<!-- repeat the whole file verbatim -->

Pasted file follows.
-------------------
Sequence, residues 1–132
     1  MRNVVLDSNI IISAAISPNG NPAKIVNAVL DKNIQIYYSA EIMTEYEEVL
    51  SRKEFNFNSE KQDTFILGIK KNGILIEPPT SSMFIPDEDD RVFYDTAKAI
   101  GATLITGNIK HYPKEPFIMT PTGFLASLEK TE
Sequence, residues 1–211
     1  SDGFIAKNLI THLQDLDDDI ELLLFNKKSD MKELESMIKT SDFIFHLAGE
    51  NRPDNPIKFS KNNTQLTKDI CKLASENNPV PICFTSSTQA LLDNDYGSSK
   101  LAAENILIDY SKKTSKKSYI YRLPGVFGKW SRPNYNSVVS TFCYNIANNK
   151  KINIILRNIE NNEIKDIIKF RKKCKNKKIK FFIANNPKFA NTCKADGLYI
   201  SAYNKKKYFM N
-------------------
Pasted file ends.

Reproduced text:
Sequence, residues 1–132
     1  MRNVVLDSNI IISAAISPNG NPAKIVNAVL DKNIQIYYSA EIMTEYEEVL
    51  SRKEFNFNSE KQDTFILGIK KNGILIEPPT SSMFIPDEDD RVFYDTAKAI
   101  GATLITGNIK HYPKEPFIMT PTGFLASLEK TE
Sequence, residues 1–211
     1  SDGFIAKNLI THLQDLDDDI ELLLFNKKSD MKELESMIKT SDFIFHLAGE
    51  NRPDNPIKFS KNNTQLTKDI CKLASENNPV PICFTSSTQA LLDNDYGSSK
   101  LAAENILIDY SKKTSKKSYI YRLPGVFGKW SRPNYNSVVS TFCYNIANNK
   151  KINIILRNIE NNEIKDIIKF RKKCKNKKIK FFIANNPKFA NTCKADGLYI
   201  SAYNKKKYFM N